Happy Monday. I hope you had a great weekend. I’ve had a wonderful 6 days of vacation. I actually had a staycation. My daughter was visiting me and I had a great time playing tour guide and tourist in my own town, Las Vegas! Las Vegas truly is an exciting place to live and visit and not only because of the Strip. We went out to Red Rock Canyon which is breathtaking. We saw the Michael Jackson ONE Cirque du Soleil show which is lively and eye-catching.
I am well rested and ready to teach my high-end boot camp this week called World Class Assistant. This is a 4 day certification and designation program. We will have a very intimate group of attendees so each person gets special attention from me. I love teaching World Class Assistant as we dig deep into various topics including: Building a Strategic Partnership, Generational Communication, Being Future Focused, Decision Making, Creating a Career Portfolio and much more.
A World Class Assistant should be able to voice his or her opinion but, of course, you must do it tactfully. When I teach this piece of the program, after I review the strategies, I present the groups with a real-work scenario and then they practice how to effectively voice their opinion.
7 Strategies for Voicing Your Opinion
- Think about the words you will use. Words are very powerful. You can change the entire meaning or feeling of your message by changing just one word. When you want to voice your opinion whether to your executive, a group, or peers, think about the words you use and choose them carefully.
- Do you have facts to back up your opinion or is it just your opinion? You are less effective without facts. It’s difficult for people to take us seriously when we don’t have facts to back up what we are saying. Let’s say for example that you have to talk to someone about always turning in their monthly report late. You will have much more impact by stating . . . “Bill, in October I received your report on the 18th and it was due on the 15th. In November, I received your information on the 20th and it was due to me on the 15th.” Most people would say, “Bill I always get your reports late.”
- Consider your relationship with this person. It is one thing to express you opinion to your best friend at work and a completely different situation when you express your opinion to a senior executive. Of course, you need to be professional in both situations.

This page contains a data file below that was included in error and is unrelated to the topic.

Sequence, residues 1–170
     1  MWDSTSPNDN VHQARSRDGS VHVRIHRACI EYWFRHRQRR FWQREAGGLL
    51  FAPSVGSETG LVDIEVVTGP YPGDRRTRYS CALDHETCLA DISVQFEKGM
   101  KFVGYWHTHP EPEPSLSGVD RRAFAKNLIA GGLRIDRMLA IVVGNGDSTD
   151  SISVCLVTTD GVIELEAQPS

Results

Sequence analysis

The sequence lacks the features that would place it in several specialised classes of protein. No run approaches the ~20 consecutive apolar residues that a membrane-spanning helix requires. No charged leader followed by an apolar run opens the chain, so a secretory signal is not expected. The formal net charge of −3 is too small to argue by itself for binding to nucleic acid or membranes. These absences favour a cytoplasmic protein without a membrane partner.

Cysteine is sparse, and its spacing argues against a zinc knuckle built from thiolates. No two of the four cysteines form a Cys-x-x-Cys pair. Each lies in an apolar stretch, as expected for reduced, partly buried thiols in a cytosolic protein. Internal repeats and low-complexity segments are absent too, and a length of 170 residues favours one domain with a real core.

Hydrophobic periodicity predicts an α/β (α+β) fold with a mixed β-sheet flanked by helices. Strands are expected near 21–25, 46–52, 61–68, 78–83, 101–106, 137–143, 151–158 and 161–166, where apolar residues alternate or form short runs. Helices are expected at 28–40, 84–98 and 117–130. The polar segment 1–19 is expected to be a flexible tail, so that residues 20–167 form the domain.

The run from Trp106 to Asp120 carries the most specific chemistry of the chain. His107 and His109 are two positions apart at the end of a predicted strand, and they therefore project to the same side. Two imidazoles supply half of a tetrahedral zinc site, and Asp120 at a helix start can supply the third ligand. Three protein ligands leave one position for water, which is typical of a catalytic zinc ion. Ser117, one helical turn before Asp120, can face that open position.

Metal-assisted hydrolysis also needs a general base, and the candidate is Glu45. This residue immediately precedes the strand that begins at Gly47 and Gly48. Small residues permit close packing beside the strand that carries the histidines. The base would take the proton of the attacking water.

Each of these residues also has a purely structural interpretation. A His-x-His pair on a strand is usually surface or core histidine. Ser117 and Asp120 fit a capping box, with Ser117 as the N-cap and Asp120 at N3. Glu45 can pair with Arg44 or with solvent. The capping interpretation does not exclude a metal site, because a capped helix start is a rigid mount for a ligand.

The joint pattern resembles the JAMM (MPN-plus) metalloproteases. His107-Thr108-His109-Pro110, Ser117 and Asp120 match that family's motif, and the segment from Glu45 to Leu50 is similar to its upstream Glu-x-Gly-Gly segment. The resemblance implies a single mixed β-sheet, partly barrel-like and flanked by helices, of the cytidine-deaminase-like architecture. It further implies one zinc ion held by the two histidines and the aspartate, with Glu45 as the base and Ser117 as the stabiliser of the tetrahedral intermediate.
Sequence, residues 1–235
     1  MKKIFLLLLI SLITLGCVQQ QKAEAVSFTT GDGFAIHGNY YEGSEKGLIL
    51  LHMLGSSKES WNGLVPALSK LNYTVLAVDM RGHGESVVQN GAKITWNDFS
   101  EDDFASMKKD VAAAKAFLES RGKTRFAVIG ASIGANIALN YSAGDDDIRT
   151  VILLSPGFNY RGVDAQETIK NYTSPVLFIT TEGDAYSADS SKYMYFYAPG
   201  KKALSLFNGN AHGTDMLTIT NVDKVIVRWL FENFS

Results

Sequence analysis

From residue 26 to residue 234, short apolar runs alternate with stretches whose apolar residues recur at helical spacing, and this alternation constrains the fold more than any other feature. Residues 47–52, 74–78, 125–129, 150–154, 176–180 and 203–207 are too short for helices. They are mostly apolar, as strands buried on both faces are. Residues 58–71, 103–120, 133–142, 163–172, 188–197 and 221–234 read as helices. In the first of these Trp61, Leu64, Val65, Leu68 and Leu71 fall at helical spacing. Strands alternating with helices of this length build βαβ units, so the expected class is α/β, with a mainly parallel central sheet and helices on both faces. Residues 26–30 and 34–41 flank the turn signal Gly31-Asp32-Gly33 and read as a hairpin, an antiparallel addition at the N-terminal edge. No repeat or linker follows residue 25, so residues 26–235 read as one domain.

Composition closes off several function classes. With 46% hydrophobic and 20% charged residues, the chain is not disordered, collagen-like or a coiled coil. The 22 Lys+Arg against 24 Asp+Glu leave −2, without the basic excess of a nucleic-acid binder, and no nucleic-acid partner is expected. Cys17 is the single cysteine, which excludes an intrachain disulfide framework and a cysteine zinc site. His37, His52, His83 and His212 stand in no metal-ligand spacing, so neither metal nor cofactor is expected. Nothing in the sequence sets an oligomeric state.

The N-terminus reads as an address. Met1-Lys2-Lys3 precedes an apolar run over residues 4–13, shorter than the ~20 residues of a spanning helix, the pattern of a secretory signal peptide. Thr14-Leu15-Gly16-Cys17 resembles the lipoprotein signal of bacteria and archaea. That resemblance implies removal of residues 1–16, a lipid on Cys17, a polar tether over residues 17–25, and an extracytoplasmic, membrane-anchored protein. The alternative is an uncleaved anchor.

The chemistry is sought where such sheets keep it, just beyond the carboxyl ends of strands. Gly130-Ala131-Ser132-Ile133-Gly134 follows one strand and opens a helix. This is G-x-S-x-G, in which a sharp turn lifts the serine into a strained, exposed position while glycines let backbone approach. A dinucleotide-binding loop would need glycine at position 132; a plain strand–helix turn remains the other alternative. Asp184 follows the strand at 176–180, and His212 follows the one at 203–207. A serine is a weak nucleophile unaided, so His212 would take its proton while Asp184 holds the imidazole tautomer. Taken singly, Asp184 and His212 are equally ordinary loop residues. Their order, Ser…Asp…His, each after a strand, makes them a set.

- Make sure you aren’t personally attacking someone. Focus on the issue, problem, or place of disagreement. Try to be objective. This way a person will be more open to hearing what you have to say.
- Is this the best time to express your point of view whether in writing or orally?Consider this from two perspectives. A) Are you in the best of moods right now? If you are upset or just really passionate about what you believe in, it might not be the time to voice your opinion. B) Is it the best time for the other person? If the other person is having a bad day, or they are in a hurry, then you probably should not say anything at this moment.
- Consider the receiver. Try to put yourself in their shoes. How do you think they will react to what you will say? Will they be receptive to your viewpoint? This is really important. Often when we express our opinion, we are just thinking of what we see, believe in or want to say. The goal is to have the receiver be open to what we are saying. If you want to be effective and heard, then you will take the time to think about this before speaking.
- Make sure you clearly explain yourself or point of view to reduce misinterpretation. There is no guarantee the receiver of the information will understand what we are trying to say. We need to do our very best to communicate clearly and concisely.
I am certain that some time over the next few weeks, you will want to voice your opinion. Make sure you do it in a professional manner.